Czech and Bavarian deer behave like some IT practitioners: their habits are hard to break. Animal researchers have discovered that deer living on either side of the now long ago disappeared Berlin Wall still remain on their respective sides of the border. Adult deer have a life expectancy of about 15 years, and the Berlin Wall came down 25 years ago. None of the deer alive today have even seen a functioning Berlin Wall, yet they don’t cross that invisible line.

There are many invisible lines that some IT operators still do not cross. One example is restarting — “reIPLing” in mainframe vernacular — z/OS. There are many IT organizations with mainframes that reIPL z/OS on a regularly scheduled basis. Perhaps nightly, perhaps weekly, perhaps monthly. Why? Basically because their predecessors did — or maybe they did, since they have longer life expectancies than deer — starting some decades ago. For example, there might have been a memory leak IBM or another vendor fixed in 1974, but the operations team added a regular reIPL in 1973 in order to work around that particular problem. That was a great idea 40 years ago, but then nobody canceled that particular operational workaround.

The persistence of such obsolete operational practices could be a big problem. If the deer don’t cross that particular invisible line, their business users might not appreciate being knocked offline “just because.” Then somebody might decide to start shooting the deer, metaphorically speaking.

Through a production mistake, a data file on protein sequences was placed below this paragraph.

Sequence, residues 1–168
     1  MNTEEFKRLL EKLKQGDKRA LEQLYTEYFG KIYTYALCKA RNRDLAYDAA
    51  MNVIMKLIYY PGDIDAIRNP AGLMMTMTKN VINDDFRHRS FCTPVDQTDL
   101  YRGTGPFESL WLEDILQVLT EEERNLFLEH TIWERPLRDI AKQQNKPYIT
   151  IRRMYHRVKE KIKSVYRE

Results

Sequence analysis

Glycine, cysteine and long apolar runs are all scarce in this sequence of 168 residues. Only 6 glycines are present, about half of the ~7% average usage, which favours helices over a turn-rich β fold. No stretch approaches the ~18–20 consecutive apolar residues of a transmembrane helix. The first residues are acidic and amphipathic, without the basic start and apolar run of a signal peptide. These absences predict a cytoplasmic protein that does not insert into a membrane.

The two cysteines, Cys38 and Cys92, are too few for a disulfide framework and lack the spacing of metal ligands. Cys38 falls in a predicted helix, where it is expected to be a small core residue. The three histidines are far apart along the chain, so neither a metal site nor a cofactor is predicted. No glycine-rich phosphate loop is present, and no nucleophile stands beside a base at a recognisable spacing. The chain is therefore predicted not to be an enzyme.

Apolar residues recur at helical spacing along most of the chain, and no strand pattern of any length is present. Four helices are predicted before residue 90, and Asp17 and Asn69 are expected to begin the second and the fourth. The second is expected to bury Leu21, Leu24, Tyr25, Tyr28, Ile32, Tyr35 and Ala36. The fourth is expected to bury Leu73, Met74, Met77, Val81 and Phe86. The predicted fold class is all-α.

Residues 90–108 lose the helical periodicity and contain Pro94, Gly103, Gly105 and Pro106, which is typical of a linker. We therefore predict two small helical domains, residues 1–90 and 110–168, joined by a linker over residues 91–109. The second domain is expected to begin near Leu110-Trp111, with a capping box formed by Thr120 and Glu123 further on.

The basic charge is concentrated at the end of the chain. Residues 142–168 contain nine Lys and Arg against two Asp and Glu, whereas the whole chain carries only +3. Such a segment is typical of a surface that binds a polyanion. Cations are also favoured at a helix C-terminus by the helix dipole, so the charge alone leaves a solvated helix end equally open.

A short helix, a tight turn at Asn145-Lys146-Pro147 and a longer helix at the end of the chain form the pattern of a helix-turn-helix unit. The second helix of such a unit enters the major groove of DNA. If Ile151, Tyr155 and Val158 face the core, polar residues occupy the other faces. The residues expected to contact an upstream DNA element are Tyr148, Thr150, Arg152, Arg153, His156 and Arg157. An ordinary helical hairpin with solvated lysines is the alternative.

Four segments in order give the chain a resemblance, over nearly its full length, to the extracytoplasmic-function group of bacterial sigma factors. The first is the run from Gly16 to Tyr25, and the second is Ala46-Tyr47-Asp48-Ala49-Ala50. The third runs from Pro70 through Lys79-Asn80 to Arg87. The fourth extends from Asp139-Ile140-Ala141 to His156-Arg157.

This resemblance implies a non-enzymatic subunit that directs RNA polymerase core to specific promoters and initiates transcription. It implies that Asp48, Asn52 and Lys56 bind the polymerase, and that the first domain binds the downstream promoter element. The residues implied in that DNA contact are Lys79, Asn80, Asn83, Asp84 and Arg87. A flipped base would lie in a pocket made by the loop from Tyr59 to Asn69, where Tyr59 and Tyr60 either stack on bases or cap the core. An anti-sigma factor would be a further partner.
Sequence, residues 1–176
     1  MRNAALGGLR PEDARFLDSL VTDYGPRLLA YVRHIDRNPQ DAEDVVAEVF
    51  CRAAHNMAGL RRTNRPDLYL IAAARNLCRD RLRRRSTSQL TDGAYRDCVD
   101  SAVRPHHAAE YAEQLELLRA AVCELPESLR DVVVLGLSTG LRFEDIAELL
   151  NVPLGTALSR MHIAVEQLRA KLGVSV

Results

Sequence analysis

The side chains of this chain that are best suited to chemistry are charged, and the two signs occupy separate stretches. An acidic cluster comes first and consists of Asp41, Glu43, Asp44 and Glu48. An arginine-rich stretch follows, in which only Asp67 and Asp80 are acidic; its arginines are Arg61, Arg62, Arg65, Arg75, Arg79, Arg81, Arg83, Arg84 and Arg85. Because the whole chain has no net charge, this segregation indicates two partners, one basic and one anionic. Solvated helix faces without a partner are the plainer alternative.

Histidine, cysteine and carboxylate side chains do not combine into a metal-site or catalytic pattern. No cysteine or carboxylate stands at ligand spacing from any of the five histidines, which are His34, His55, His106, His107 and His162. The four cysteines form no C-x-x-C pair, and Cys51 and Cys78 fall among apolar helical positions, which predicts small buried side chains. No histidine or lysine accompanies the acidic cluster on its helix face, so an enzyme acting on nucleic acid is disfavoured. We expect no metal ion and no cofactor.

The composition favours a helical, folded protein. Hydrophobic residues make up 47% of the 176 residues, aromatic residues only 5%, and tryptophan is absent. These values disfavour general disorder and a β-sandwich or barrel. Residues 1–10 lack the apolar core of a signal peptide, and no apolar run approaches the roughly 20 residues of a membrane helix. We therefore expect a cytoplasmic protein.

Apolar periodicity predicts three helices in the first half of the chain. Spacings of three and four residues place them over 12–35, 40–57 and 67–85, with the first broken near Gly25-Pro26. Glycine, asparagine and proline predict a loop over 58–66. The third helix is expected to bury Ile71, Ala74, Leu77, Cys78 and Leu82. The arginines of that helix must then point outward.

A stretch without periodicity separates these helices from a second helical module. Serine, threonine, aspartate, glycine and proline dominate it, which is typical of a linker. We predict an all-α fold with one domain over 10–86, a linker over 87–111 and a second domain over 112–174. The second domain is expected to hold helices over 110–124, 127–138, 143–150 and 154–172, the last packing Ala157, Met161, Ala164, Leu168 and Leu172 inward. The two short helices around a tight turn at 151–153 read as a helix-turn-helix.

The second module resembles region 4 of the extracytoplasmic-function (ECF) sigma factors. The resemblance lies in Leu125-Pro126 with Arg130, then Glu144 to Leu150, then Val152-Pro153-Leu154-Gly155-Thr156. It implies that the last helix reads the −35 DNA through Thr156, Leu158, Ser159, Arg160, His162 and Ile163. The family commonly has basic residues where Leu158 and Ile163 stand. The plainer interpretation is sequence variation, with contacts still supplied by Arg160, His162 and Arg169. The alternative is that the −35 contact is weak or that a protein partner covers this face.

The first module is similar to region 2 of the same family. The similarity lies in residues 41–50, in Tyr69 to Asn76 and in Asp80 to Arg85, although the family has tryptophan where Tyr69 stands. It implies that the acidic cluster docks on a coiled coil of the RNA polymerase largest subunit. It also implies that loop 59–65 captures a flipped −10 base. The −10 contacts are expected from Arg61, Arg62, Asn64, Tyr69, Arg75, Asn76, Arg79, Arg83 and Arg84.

Please don’t act like a Czech or Bavarian deer. Try crossing a few invisible lines once in a while. Whether you’re a Millennial Mainframer or not, act like one. In this particular example, how about skipping the next IPL? You’ll then verify that your Cold War against memory leaks ended decades ago. Or implement Sysplex — inside a single mainframe works fine — with two production instances of z/OS and associated middleware supporting your most critical applications so that, if you insist on continuing to reIPL one instance, the other will keep providing business service to your users. There are some rather easy solutions to help you cross at least that particular invisible line affordably and with confidence.

It’s more than a bit frustrating when a computing technology (the mainframe) is more than capable of satisfying demanding business requirements, but a few people operating them or implementing them don’t support mainframe capabilities.

Please be a dear, not a deer.

They’ve reportedly been down hard since April 12. Reportedly five servers failed, and it’s taking weeks to locate and install parts. Wow.

The EOIR is supposed to adjudicate immigration cases in the United States. If your immigration case cannot be heard you’ll either not be cleared to stay in the United States until some time in the future, or your removal from the United States will be delayed. You’ll continue to be stuck in limbo, in other words. That might be good news for some, but overall it’s a disaster. An unrecovered one thus far.

It sure would be nice if the EOIR bought a modern mainframe. Or simply used a small portion of a modern mainframe at any of the U.S. government’s many agencies with mainframes, including the U.S. Department of Justice itself.  The U.S. government already has a mainframe-based cloud. My advice would be to use that mainframe cloud more and more often to help the EOIR and other agencies stay up-and-running.